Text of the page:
To have, and have no political clout -- Globalism unmasked

Shelley Gare

IT was a dark and stormy night, what with so many giddy evening frocks and a birthday celebration bringing together guests from both sides of the political spectrum. Two hours in, I ran into a politician who is busily making her determined way up the Canberra ladder. My party manners went west. What, I asked, did she think of the "disastrous" (my word) Billiton-BHP merger? She fell back daintily -- it was 10.30pm on a Saturday -- then said prettily, and I could have sworn she dabbed a lace handkerchief to her lips: "Oh, but we haven't had any reaction from our electorate."

20      THE WEEKEND AUSTRALIAN -- June 2-3, 2001
"To have, and have no political clout"
Shelley Gare

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  Whoosh! Democracy skewered to death with a cocktail party shoe. The electorate may be worn threadbare by its working hours, the GST [Goods and Services Tax] and a precarious future [by] courtesy of the collapses of HIH, One.Tel and the like, but apparently it must still also remember to tell Canberra how to look after the national interest.

  "You're a politician," I said to her. "Sometimes you're supposed to be able to decide what's good for the country without us telling you." I could have been talking to a feather duster.

  Michael Ward is the managing director of the Australian-based company, Ecos Corporation, which advises business on sustainable growth. Ecos doesn't work with governments, Ward told me a few weeks ago. The company decided that if it was going to have any effect on the environment, it would have to bypass the state and go straight to the ears that matter -- the ones on the international corporate head. Now Ecos advises multinational conglomerates Ford and Dupont.

  For it's the private sector that has power. Governments and oppositions can run around like so many high-kicking cancan girls, but it's an empty show with the knickers mostly on sale to the highest bidder.

  Maybe it was always thus, but there have been three developments that make this lethal to democracy. One is the unchecked growth of globalisation, wherein national barriers matter far less than the economic clout of the multinationals. Two is the widening gap between the rich and the poor, a process accelerated by globalisation and the free market economy. Three is the way governments around the world have reacted to the first two.

  Writing in The Observer newspaper in Britain, Noreena Hertz, author of The Silent Takeover: Global Capitalism and the Death of Democracy (Heinemann), details what happened in Germany in 1999 when the finance minister tried to raise taxes on German firms. Revenue from corporate taxes had fallen 50 per cent in the past 20 years despite a rise in corporate profits of 90 per cent, she says.

  Nevertheless, the finance minister was thwarted. Leading companies threatened to move their investment or factories elsewhere. The politicians caved [in]. An adviser commented that the industrial giants were too strong for the elected government. "This is the world of the Silent Takeover," Hertz writes.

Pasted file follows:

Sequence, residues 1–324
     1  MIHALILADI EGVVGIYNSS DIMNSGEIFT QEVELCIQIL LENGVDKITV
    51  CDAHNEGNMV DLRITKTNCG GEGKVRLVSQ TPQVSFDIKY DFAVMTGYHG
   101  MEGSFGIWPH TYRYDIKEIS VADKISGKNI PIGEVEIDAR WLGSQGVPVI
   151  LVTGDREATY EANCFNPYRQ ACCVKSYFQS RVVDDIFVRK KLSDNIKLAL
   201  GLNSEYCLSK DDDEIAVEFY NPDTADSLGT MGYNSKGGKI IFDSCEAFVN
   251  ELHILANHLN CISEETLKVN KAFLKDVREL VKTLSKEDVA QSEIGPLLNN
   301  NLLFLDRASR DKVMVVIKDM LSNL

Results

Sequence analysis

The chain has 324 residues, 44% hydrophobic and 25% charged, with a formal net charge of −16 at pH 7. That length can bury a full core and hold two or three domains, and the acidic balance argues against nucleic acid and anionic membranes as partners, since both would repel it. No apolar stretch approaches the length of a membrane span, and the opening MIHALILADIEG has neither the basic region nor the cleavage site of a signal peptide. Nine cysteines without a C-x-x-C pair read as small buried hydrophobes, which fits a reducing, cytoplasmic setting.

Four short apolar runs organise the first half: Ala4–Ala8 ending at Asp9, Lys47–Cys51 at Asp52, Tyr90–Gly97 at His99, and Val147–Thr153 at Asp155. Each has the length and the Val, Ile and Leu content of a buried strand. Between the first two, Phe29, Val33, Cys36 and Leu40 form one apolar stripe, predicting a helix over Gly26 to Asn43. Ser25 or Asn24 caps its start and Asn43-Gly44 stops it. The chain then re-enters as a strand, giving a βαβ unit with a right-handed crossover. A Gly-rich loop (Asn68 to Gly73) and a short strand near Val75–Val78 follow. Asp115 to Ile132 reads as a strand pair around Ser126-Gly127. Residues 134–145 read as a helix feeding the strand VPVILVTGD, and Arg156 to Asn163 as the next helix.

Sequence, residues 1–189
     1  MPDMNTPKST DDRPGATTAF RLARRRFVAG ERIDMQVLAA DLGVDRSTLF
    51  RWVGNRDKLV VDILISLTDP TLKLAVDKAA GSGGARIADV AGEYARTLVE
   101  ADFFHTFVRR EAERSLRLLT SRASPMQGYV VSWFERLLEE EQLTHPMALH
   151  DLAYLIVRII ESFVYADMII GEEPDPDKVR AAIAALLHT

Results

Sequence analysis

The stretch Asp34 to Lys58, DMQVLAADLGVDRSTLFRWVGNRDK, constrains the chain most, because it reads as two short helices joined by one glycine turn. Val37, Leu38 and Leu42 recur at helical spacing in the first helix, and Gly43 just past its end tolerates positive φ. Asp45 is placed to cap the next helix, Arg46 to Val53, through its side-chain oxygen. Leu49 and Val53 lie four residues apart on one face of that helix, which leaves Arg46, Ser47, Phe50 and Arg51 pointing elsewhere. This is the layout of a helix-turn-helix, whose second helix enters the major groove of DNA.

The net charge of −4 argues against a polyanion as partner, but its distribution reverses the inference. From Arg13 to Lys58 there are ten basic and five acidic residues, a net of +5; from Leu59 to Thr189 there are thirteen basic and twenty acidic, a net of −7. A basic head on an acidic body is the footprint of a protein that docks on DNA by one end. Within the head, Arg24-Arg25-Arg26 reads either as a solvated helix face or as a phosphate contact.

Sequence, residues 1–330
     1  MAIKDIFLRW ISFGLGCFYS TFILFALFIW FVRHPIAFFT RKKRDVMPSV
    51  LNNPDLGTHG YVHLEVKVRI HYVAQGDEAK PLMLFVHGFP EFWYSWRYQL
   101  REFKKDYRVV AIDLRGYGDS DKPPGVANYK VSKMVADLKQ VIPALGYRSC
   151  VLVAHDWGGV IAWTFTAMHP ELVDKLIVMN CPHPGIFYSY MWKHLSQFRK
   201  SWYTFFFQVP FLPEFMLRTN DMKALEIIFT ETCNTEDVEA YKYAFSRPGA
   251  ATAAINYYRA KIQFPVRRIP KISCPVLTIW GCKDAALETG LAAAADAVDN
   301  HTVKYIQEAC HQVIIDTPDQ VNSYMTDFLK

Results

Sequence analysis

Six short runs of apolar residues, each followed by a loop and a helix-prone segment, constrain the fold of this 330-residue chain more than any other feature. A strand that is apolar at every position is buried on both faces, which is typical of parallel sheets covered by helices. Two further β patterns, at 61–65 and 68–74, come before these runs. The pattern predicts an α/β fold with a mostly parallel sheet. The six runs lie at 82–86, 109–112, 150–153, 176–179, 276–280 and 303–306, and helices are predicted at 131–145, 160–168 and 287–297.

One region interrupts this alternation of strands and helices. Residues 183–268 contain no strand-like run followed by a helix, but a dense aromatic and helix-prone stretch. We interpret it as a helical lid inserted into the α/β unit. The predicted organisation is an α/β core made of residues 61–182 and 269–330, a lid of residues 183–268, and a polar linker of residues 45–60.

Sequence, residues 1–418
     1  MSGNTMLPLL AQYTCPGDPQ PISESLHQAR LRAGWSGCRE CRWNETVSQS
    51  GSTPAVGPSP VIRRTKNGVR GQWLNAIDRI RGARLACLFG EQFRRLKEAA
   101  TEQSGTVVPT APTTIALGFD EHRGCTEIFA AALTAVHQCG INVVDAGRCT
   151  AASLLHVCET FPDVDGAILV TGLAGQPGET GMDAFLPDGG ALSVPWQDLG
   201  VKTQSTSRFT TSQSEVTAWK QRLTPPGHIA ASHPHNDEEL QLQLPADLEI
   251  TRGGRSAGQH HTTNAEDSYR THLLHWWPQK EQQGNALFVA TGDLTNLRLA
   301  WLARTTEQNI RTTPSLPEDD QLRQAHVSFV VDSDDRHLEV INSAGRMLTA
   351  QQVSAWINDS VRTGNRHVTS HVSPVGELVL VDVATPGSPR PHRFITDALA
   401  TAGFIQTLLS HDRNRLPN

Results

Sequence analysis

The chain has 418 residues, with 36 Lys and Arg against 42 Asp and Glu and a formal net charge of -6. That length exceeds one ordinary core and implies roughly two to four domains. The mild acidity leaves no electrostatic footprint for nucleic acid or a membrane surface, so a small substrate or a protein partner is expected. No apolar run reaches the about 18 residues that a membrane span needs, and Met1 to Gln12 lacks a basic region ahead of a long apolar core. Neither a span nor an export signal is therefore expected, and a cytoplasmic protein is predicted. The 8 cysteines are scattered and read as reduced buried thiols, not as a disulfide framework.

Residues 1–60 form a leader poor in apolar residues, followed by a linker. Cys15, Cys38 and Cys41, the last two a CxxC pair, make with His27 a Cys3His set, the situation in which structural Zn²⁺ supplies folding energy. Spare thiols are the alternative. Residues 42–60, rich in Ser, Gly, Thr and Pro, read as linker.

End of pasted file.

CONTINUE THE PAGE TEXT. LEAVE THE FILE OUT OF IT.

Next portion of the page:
In its Two Australias report released mid May, the St Vincent de Paul Society explained how globalisation during the past decade has been a key factor in creating enormous riches -- more than $830 billion in Australia's net wealth -- but the dollars have remained in the hands of a small number of wealthy households. "It has not benefited middle-income Australia to any great extent ... it has certainly not trickled down to the poor ... globalisation as a free market force does not concern itself with wealth distribution."

  Here's the maths. If spending power equals clout, and you and I are losing our spending power and the upper end is gaining it, where does that leave the clout?

  Financier and philanthropist George Soros says, also in The Observer, that globalisation is neither new nor necessarily bad but it must be fair. He means human rights, environmental standards, democracy and labour standards must be protected.

  In the preface to his last book, Economics: A New Introduction (UNSW Press), Adelaide social theoretician Hugh Stretton wrote: "Bad economic theory can cause as much suffering and death as bad medicine and bad engineering can." His next book, with a working title of Australia Fair, argues for new economic strategies that will make for a fairer country. He reminds us that, "when citizens are asked if they would willingly pay more tax to finance better health and education, and fuller employment, 60 per cent or more say yes, they would."

  "What's needed now," says Stretton, "is government that won't go for appeasement of the big corporations."

  Meanwhile, Picador has just landed a hot title for next April. It's Moral Hazard by poet and author Kate Jennings, a friend of mine. Jennings went to work on Wall Street as a speechwriter in the '90s and what she saw there of investment banking and the risks it takes curled her toes. "We're in a culture of deregulation," one of her characters says. "Deep, deep in a culture of deregulation. Supervisory standards are as weak as warm spit."

  The novel will be published simultaneously in the US, Britain and here, where six publishers all bid furiously. If market-driven publishers think a novel about ethics and the global economy will find an eager audience, can our political parties be far behind? That depends on how deaf they are.

  How cowed.

sgare@ozemail.com.au
-- © The Weekend Australian, Shelley Gare, June 2-3, 2001, "Inquirer" p. 20

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